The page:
Hackberry trees are host to a variety of gall-making insects. One of the most noticeable and common species is the hackberry nipple gall, a type of psyllid (SILL id) insect. Nipple galls appear as 1/8 to 1/4 inch swellings of tissue on leaves or petioles. If carefully cut open, inside you may see the pale, developing psyllid inside. Adult psyllids resemble tiny (3/16 inch long) cicadas and can become abundant in the fall. During this time they may enter homes for protection from cold weather, often crawling through window screening. These insects may become a nuisance, but they do not bite and are not harmful.
Hackberry trees also harbor many gall-forming midges (flies in the family Cecidomyiidae), including the thorn gall, Celticecis spiniformis (Patton). Immature stages of these species, when carefully dissected out of galls, appear maggot or grub-like and have no legs or antennae as do psyllid immatures.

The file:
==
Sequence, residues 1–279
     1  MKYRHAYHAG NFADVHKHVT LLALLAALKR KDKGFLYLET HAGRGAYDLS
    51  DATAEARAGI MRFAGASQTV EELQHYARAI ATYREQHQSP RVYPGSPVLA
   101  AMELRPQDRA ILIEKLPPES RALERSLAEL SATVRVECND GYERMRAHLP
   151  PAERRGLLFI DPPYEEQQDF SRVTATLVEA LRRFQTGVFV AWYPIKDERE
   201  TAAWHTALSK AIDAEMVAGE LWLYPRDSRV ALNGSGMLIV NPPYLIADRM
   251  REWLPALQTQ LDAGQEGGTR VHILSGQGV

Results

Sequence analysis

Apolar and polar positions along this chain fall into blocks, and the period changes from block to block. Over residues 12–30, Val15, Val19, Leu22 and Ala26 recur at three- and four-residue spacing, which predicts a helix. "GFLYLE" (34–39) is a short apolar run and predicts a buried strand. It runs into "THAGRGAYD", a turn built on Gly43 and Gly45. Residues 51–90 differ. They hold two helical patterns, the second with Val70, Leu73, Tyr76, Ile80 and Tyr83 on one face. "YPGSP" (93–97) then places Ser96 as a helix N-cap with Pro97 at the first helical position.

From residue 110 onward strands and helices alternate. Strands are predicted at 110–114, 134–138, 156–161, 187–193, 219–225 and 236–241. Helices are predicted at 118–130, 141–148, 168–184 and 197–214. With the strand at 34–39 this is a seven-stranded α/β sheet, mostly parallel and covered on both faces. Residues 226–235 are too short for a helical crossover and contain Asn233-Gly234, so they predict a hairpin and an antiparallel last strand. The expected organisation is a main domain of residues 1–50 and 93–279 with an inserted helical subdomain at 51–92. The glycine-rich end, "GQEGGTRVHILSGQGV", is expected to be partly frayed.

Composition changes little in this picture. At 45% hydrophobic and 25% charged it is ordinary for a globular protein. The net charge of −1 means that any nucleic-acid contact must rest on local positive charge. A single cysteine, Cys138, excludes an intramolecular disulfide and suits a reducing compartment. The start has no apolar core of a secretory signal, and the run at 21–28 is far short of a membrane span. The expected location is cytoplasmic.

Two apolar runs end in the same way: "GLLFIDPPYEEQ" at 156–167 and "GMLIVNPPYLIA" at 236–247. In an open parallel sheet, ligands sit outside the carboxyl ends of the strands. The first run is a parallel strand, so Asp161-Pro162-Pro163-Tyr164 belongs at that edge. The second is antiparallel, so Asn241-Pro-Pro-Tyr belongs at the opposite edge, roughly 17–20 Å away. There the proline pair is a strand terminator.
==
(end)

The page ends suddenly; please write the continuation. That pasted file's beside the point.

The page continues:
Nearly any hackberry tree you find is likely to be infested with at least some kind of gall-forming insect. Some species of gall makers cause galls to form on the leaves and petioles, some on leaves. Few galls are harmful to the tree, however.
Habitat & Hosts
A number of Pachypsylla psyllid species occur on hackberry (Celtis spp.), including the hackberry nipple gall maker (P. celtidismamma (Riley), the hackberry blister gall maker (P. celtidisvesicula Riley), and the hackberry bud gall maker (P. celtidisgemma Riley).
Common leaf gall-forming species overwinter in the adult stage in bark cracks and crevices. Adults mate in the spring and females lay eggs on the underside of expanding leaves. Nymphs hatch from eggs in about 10 days and begin feeding, causing leaf tissue to expand rapidly into a pouch or gall around the insect. Nymphs develop through several stages (instars) before emerging as adults in the fall (September), although the hackberry bud gall maker overwinters inside the gall as a last stage (5th instar) nymph to emerge as adults in early summer. One generation occurs annually.
ManagementIf you live in the State of Texas, contact your local county agent or entomologist for management information. If you live outside of Texas, contact your local extension for management options.
Little can be done with insecticides to control gall-making insects. Keeping windows closed and well sealed will keep most insects out. If adult hackberry nipplegall makers become a nuisance pest year after year, tree removal may be the best option.